Jenny, It is funny how we get false impressions of a book. I’ve done it several times with other ones. I’d love to know what you thought it was actually about!

  3. Diane says:

    I loved this one and even though it super long, I enjoyed every page.

    1. Jackie says:

      It’s amazing isn’t it? Glad you enjoyed it as much as I did :-)

  4. Mystica says:

    I loved, loved this book even though it was a chunkster. It was extremely aggravating for me to have to put this aside at the end of the day till I finished it.

    1. Jackie says:

      Mystica, I actually started reading this about 2 years ago, but rationed my reading as I didn’t want it to end! I kept re-reading sections to make it last a bit longer – there aren’t many books I can say that about!

  5. I liked Shantaram as well. Roberts’ real life story is so fascinated. I do worry that he won’t be able to pull off something as magical with his next book (which I will probably buy the day it is released). Big shoes to fill. I can also remember thinking that Shantaram was a little too long for my liking. The whole weapons to Afghanistan thing carried on too long for me.

    1. Jackie says:

      Tanya, Yes, I’m worried that the sequel won’t be as good, but I can’t wait to find out how he came to publish a book and would love to know what he’s doing now.

  6. I’m so glad you loved this one, Jackie! It was, far and away, the best book I read the year I dived into this one. And normally I don’t gravitate towards really big books, but this one just sucked me in and would not let go until I had finished it (although, I did find the Afghanistan section dragged a bit.). It was so bold and beautiful and heartbreaking… I still feel Prabakar haunting me to this day! Very excited to see whether the sequel stands up to this… it’s a very high bar!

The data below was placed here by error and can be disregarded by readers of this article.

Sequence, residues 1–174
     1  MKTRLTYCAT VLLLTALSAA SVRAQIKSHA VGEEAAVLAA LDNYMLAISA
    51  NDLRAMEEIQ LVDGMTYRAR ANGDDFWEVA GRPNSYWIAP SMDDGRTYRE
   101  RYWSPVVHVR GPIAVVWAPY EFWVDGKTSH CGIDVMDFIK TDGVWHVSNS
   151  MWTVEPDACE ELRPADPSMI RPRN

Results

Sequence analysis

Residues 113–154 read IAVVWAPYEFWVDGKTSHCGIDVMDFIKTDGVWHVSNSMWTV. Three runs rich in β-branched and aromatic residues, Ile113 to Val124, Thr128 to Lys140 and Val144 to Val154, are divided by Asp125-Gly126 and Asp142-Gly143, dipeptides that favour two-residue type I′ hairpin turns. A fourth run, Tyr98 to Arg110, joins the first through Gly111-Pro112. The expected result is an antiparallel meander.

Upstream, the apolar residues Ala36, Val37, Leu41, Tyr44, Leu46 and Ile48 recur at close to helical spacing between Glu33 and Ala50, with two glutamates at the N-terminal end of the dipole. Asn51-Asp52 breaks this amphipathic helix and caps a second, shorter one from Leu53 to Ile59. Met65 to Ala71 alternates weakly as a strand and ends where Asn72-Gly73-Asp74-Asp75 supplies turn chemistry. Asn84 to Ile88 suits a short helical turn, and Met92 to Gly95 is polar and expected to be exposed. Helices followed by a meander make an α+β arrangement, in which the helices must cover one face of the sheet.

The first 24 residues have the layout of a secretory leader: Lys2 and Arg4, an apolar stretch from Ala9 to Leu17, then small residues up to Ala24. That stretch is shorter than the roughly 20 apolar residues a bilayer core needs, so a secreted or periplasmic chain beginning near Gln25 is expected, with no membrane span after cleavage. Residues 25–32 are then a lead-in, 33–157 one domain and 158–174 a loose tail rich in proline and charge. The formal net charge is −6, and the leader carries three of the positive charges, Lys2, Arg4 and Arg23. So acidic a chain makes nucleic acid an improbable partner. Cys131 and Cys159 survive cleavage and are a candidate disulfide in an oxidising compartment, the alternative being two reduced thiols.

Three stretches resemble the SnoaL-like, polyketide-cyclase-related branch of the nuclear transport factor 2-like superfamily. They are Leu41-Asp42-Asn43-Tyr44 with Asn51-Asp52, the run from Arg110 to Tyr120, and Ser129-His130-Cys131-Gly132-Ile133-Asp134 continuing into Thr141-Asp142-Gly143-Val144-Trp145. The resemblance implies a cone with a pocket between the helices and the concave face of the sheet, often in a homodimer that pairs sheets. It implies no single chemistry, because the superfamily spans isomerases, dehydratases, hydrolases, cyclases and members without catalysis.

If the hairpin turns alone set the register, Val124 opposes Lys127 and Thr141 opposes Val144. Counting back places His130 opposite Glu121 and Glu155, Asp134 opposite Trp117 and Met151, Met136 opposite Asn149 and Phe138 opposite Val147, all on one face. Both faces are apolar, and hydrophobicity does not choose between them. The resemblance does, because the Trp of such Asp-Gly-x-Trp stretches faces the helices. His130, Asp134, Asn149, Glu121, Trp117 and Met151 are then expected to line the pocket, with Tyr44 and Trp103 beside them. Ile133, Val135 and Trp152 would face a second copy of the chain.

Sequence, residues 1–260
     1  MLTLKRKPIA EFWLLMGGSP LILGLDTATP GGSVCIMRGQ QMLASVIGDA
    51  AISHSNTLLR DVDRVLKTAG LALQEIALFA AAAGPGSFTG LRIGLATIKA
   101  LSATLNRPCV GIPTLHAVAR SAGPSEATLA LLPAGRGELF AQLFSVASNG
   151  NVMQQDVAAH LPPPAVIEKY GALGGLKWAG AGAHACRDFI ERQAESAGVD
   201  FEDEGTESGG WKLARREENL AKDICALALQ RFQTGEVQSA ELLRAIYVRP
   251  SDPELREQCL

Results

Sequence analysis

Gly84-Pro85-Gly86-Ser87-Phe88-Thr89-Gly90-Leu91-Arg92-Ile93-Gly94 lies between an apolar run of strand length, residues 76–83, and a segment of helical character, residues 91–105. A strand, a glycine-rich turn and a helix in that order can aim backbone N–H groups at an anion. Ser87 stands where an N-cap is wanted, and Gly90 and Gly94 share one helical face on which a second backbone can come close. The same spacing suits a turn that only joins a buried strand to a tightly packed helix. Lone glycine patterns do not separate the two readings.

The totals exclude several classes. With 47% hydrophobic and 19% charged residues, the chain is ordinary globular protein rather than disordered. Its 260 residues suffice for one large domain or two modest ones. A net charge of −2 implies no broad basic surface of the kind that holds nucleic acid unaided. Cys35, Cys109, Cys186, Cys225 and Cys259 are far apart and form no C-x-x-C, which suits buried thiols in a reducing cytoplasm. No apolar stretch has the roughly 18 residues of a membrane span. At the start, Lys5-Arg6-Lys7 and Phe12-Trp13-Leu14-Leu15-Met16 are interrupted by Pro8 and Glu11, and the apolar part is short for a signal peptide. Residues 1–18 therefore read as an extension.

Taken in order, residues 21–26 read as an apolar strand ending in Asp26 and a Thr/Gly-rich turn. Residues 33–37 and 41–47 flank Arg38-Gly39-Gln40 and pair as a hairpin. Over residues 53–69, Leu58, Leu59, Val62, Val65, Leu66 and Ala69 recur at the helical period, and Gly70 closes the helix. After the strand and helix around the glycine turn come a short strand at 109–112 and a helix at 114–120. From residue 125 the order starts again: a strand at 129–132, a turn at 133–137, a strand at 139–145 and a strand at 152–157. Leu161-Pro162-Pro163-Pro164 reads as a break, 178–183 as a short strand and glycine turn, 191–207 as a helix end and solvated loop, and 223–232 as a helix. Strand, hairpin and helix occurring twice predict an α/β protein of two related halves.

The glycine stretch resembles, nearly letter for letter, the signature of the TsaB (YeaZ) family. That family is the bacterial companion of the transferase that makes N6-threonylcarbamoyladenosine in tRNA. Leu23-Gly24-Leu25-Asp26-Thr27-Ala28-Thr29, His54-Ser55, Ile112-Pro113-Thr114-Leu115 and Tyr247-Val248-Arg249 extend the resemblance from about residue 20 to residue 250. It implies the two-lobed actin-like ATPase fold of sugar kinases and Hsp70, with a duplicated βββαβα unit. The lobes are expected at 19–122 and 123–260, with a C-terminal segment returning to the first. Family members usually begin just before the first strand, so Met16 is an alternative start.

1. Jackie says:

      Steph, Yes, Prabakar is an amazing character! I loved how vivid the periphery characters were – so often only the central ones are well described. I’m glad you enjoyed this one as much as I did. Let’s hope the sequel is just as good!

  7. Was it the promise of the new book that prompted you to pull this one off the shelf? I have a copy that has been lingering that long too — despite a couple of resounding recommends, and now I’ll add your’s to that mental list — and sometimes it takes a solid nudge to finally mend a gap like that, doesn’t it. Soooo many books!

    1. Jackie says:

      Buried in Print, Yes – I’ve had a copy of this book for ages, but talk of the sequel made me interested in picking it up again. I’m so glad they did – this is definitely one that shouldn’t be left on the shelf!

  8. JoV says:

    I am so happy to see that you finally read and this and love it so much!

    1. Jackie says:

      Jo, Me too! It’s such a wonderful book, isn’t it?!

Trackbacks/Pingbacks

  1. July/August Summary and Plans for September – Farm Lane Books Blog
  2. The Mountain Shadow by Gregory David Roberts – Farm Lane Books Blog
  3. Farm Lane Book Awards 2015 – Farm Lane Books Blog